What beliefs influence children and young people’s attitudes towards the transgender population?

Authors: Jenna Read, Cora Sargeant and Sarah Wright
Published: 2020
Publication: Educational and Child Psychology

Aims: This review aims to identify and explore the specific beliefs that influence children and young people’s (CYP’s) attitudes towards the transgender population.
Method: A systematic review of the literature was undertaken and a total of 14 studies were included in the review. The review included studies from the United States, Europe, and Asia. Each study was appraised using Gough’s (2007) Weight of Evidence Framework and awarded a quality assurance rating of low, medium, or high quality.
Findings: The review identified three sets of beliefs that appear to influence CYP’s attitudes towards the transgender population: Heteronormativity, conservatism and gender essentialism. Gender differences in beliefs were found to influence attitudes towards the transgender population as a whole and towards Male-to-Female (MtF) individuals and Female-to-Male (FtM) individuals.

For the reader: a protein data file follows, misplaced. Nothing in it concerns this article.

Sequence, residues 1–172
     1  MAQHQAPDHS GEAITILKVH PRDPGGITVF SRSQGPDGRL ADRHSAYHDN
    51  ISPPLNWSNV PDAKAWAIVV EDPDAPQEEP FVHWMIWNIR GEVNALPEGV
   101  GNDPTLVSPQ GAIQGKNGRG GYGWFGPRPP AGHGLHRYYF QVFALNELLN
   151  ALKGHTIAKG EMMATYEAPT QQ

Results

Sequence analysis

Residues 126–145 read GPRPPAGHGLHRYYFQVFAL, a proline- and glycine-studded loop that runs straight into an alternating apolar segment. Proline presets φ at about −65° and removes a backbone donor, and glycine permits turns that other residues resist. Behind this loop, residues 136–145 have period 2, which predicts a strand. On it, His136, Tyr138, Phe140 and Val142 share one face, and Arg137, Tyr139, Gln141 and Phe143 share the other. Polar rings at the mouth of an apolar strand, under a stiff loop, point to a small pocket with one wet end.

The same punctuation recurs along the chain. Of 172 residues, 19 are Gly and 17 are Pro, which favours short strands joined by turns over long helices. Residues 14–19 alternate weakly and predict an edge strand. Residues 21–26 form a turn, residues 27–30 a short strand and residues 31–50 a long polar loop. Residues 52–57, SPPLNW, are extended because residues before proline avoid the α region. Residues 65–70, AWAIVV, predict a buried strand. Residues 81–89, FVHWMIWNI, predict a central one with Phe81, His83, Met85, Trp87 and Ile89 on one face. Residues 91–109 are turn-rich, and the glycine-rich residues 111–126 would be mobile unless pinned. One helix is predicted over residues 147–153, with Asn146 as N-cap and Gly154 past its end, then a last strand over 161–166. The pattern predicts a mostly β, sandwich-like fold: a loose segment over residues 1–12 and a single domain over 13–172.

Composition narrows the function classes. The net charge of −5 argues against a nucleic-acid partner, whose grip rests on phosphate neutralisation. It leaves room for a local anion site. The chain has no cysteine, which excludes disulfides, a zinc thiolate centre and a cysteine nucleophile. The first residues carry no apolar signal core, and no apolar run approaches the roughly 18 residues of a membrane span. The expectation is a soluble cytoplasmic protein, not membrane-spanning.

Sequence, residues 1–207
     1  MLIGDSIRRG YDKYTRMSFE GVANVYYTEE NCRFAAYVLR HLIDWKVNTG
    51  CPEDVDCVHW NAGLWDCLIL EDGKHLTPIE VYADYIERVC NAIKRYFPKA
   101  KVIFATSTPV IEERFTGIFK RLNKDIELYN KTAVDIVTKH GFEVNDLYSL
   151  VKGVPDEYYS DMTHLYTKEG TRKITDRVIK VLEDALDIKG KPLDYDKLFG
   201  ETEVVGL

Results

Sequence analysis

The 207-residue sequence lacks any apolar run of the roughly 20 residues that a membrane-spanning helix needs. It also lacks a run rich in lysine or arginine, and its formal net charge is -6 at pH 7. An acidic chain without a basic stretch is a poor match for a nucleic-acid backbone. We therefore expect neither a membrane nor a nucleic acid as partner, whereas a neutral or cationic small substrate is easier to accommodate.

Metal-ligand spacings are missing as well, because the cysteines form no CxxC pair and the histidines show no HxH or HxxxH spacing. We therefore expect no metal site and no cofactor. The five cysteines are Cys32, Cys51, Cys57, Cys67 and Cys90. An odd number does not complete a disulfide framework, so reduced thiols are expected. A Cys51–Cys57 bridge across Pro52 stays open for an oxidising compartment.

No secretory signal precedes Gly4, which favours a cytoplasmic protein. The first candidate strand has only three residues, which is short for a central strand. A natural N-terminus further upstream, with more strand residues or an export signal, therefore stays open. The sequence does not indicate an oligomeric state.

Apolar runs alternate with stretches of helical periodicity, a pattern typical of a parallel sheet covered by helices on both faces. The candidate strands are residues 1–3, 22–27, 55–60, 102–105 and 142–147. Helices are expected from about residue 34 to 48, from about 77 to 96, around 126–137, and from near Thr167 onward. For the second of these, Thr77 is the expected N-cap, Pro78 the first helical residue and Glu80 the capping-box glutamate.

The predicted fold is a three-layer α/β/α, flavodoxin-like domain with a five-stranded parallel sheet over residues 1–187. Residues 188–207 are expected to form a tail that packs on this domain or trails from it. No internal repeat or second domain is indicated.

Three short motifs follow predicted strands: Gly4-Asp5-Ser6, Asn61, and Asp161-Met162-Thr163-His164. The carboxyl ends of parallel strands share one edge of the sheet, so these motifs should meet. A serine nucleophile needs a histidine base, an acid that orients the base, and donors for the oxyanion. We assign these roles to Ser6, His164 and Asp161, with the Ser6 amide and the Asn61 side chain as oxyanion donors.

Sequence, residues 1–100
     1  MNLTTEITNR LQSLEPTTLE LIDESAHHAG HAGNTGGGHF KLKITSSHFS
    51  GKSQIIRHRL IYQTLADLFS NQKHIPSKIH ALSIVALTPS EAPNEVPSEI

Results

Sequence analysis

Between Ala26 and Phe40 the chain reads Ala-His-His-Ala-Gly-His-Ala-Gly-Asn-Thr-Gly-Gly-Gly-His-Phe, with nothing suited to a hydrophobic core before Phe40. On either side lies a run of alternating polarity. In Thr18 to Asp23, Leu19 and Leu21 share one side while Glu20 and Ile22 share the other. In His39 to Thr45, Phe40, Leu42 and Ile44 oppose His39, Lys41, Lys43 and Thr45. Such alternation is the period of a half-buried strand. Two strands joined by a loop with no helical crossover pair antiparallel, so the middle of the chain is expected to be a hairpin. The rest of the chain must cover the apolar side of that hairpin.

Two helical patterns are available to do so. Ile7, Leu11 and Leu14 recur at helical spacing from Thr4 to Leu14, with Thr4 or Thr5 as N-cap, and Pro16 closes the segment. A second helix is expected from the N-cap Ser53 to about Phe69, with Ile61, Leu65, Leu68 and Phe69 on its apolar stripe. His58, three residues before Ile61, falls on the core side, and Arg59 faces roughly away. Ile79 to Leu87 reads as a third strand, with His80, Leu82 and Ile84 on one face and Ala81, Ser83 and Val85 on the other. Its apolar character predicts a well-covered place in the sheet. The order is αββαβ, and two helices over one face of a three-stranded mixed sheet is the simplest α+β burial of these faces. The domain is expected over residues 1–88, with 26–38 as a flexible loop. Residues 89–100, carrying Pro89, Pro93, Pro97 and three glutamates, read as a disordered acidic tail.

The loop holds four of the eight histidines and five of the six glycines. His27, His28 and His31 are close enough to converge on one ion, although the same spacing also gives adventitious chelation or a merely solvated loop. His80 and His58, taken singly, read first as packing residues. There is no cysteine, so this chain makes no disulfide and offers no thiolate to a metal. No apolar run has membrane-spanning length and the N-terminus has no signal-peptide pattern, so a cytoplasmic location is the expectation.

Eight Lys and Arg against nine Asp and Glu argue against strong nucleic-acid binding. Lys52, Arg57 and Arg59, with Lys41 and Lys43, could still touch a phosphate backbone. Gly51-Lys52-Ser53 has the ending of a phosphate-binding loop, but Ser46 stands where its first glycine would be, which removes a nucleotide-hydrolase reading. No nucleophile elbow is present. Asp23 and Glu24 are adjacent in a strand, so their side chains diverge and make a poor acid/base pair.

Limitations: The key limitation within this review is that the mechanisms through which beliefs influence CYP attitudes are hypothetical. Further insight using qualitative approaches would deepen the understanding of the underpinnings of attitudes towards the transgender population, particularly transprejudice. A variety of measures were used across the included studies which limits the comparability
of the finding and conclusions drawn
Conclusions: This review identified three sets of beliefs that influence attitudes towards the transgender population. These beliefs represent a traditional, binary model of gender that contrasts with the experiences of gender-diverse populations. A more inclusive model of gender is proposed whereby acceptance, diversity and belonging are promoted.

Read, J., Sargeant, C. & Wright, S. (2020) What beliefs influence children and young people’s attitudes towards the transgender population? Educational and Child Psychology, (37)1, 11-36.

Download (pre-publication version)